Fresh Veggie Picks for Your Garden
Make room for these great veggies that burst with good-for-you nutrition.
Photo By: Image courtesy of Burpee.com
Chiba Green Soy Bean
Early harvests are the hallmark of this soy bean. Expect to pick a crop of flavor-filled pods in 60 to 70 days after planting. Growing edamame is easy, and kitchen prep is even easier. Parboil in salted water and squeeze the beans from the pods. Eat them fresh or freeze or dry them for a later snack.
Here’s a reliable, tasty red carrot for all regions, even the north where reds tend to bolt. The red roots are packed with disease-fighting antioxidants. The color deepens with cooking. Expect 9-inch-long carrots that taper to a blunt tip.
Indigo ‘Gold Berries’ Tomato
Exotic and packed with healthful anthocyanins, indigo ‘Gold Berries’ starts purple and ripens to gold. Sweet, rich flavor wins rave reviews in salads, eaten fresh or tossed with pasta. Fruits boast resistance to sunburn and cracking.
‘Big Boss Man’ Pepper
Turn up the heat with a pepper that registers 1,500 to 4,000 Scoville units (same heat range as jalapeno). ‘Big Boss Man’ is an ancho-poblano pepper—it’s called ancho when dried, poblano when fresh. Color is deep green on fruits that measure a whopping 7 inches long by 3 inches wide.
Mexican Sour Gherkin
Marketed as a cucumber, this little jewel isn’t even a cuke cousin, but it makes fabulous pickles. You’ll find it listed as a staple in botanical cocktails, salads and stir fries. The flavor is a fresh watery burst with lemony tones. No need to peel—just pop ‘em into your mouth whole. Grow on a trellis, and the tiny fruits won’t weigh the vine down.
‘Green Eggs’ Summer Squash
Egg-shaped zucchini ripen to an ideal size for grilling. These 5-inch ovals offer a creamy flesh that serves a nutty, caramelized flavor when grilled. Vines have fewer spines than traditional zucchini, so they’re not as prickly to weed and harvest. Expect an 8-week-long harvest window.
Po’suwaegeh Blue Corn
This colorful, nutrient-rich Native American corn boasts an equally rich history. The name translates as “place where there is abundant water” and is named for Pueblo Pojoaque in northern New Mexico. The corn itself helped play a role in reviving this pueblo community. Expect to harvest 10- to 12-inch ears loaded with deep blue kernels.
Lunch Snacking Peppers
Grow a rainbow of flavorful peppers perfect for snacking or slipping into packed lunches. These pretty peppers have sweet flesh that delivers a satisfying crunch. This pepper performs well in planting beds or containers. You’ll harvest handfuls of small peppers starting 70 days after planting.
Get your greens fresh from the garden by growing this newcomer to the collard scene. ‘Tiger’ boasts a high blade to stalk ratio, which means you’ll have more leaf to savor. Leaves are savoyed and blue-tinted, making them beautiful in the garden and on the plate. Plants regrow fast after harvest, so expect high yields—you won’t be disappointed.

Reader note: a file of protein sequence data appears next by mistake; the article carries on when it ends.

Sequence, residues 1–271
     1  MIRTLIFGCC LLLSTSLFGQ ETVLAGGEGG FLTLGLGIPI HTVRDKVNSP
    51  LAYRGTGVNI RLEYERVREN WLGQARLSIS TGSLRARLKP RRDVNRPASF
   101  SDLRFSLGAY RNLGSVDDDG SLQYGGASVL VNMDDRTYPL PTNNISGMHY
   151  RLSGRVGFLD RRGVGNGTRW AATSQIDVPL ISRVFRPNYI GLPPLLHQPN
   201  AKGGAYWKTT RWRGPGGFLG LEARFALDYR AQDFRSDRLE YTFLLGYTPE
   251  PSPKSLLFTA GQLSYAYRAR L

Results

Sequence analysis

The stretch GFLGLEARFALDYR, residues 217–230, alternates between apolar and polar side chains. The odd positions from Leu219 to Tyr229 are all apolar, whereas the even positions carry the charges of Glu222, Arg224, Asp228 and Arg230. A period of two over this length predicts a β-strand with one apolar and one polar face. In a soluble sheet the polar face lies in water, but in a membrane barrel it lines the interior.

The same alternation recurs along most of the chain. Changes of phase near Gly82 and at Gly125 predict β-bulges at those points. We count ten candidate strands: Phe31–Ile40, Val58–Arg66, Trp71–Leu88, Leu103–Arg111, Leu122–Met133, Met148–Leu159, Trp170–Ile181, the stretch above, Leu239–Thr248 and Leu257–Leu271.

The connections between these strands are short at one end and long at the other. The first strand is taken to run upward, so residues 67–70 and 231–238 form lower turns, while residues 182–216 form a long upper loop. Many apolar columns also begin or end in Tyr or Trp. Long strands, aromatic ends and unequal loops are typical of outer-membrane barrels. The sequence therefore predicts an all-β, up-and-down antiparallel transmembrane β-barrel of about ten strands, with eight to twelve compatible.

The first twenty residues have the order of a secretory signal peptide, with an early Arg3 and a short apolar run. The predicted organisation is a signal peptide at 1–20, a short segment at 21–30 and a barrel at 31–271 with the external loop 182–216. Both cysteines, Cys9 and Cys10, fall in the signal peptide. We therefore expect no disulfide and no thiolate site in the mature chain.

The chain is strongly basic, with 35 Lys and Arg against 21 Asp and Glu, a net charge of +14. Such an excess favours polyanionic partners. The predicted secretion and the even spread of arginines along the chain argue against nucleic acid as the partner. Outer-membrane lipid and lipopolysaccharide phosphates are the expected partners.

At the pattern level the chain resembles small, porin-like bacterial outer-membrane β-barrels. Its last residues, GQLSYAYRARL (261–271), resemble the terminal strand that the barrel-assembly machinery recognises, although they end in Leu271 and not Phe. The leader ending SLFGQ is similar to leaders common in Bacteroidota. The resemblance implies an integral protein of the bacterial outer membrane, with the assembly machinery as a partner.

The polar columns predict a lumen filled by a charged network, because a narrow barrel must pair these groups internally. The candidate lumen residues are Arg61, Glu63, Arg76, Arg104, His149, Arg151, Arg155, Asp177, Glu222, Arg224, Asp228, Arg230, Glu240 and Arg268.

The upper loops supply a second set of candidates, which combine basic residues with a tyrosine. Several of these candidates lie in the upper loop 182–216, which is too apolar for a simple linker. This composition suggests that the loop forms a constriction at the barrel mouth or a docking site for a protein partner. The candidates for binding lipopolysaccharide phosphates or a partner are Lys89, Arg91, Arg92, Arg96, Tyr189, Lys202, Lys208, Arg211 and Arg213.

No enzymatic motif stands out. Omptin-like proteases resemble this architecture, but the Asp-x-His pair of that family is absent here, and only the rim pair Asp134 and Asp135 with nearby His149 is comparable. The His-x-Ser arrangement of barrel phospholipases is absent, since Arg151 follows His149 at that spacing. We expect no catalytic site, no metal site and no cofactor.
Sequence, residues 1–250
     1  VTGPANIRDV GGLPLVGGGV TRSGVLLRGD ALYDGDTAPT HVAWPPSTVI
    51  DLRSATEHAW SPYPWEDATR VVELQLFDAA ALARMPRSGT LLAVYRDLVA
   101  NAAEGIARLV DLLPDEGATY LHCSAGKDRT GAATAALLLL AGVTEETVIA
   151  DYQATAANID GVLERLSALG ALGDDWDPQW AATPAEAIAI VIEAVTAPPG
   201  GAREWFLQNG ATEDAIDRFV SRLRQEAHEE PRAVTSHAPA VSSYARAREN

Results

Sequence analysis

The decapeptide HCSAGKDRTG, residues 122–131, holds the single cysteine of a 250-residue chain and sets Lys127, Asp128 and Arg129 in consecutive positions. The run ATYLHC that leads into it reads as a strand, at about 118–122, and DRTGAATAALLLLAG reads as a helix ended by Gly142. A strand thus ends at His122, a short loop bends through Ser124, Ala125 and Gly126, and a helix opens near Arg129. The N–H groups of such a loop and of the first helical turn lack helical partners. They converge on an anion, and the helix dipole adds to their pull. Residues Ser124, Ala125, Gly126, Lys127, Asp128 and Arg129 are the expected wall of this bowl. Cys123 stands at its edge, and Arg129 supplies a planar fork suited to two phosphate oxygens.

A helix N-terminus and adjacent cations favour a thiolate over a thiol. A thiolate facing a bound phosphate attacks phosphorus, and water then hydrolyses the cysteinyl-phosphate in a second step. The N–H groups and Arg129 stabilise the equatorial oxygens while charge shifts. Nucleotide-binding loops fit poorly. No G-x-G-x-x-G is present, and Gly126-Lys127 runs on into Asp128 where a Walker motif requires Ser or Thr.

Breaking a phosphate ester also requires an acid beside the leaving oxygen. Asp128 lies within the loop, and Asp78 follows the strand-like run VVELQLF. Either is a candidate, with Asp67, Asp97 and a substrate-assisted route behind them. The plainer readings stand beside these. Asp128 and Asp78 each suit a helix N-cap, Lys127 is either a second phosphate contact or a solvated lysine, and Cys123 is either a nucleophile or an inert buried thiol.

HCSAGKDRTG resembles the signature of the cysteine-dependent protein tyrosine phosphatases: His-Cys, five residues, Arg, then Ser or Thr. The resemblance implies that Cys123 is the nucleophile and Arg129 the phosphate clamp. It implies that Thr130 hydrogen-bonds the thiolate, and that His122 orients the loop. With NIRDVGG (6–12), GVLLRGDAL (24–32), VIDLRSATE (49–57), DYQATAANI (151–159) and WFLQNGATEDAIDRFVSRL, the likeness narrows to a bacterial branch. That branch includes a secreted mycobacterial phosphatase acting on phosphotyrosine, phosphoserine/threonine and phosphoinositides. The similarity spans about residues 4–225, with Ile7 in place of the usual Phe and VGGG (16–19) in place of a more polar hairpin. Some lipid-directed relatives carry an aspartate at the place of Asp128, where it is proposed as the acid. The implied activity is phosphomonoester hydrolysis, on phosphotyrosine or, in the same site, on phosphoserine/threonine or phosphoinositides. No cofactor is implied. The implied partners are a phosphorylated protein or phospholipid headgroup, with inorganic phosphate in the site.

Fastigiata Pin-Striped Peanut
Beauty in every bite—that’s what you get when you grow Fastigiata peanut. Striped peanuts like this are usually found in Ecuador. This nut needs a long growing season of 120 days or more. Stripes are lighter at harvest time and darken as you dry the nuts.
Love grape tomatoes? Then you’ll want to try this pink-fruited variety. ‘Rojita’ offers high yields of small fruits weighing not quite an ounce. Toss them into salads or serve them as a healthy snack. This tomato replaces ‘Chiquita.’
‘Cloudy Day’ Tomato
Harvest tomatoes no matter the weather with this cool temperature tomato. Plants thrive in cooler weather, bearing strongly even late into the season. Harvest baskets of 4- to 5-ounce red fruits known as cocktail size—bigger than a cherry but smaller than a roma. ‘Cloudy Day’ is resistant to both early and late blight.
‘Summer Dance’ Cucumber
Get your cucumber fix with this burpless variety that’s highly resistant to downy and powdery mildew. Vines produce lots of laterals, so you can expect loads of fruit. This is a great fresh eating variety with 8- to 9-inch-long cukes having few spines.
‘Canary’ Bell Pepper
Sweet and mild, ‘Canary’ brings a song of yellow to the pepper patch. Count on this pepper to set fruits all summer long. Thick walls make this a superb grilling pepper. Fruits are 3.5 inches long by 4 inches wide—a nice blocky size for stuffing.
Crack resistant and full of flavor, this cherry tomato loads up with glowing orange fruit. The ‘maters are 2 ounces, about the size of a small plum. They’re an ideal size for salads or snacking in the garden. Juicy fruits deliver a sweet tart bite with citrus tones.
‘Long Tall Sally’ Pepper
This Italian frying pepper boasts thin-walled fruits packed with sweet flavor. While these peppers are perfect for frying, they're versatile in the kitchen, standing up well to grilling, roasting and even stuffing. Or dry them and chop to make your own sweet pepper flakes. Fruits ripen to light green and measure about 8 inches long.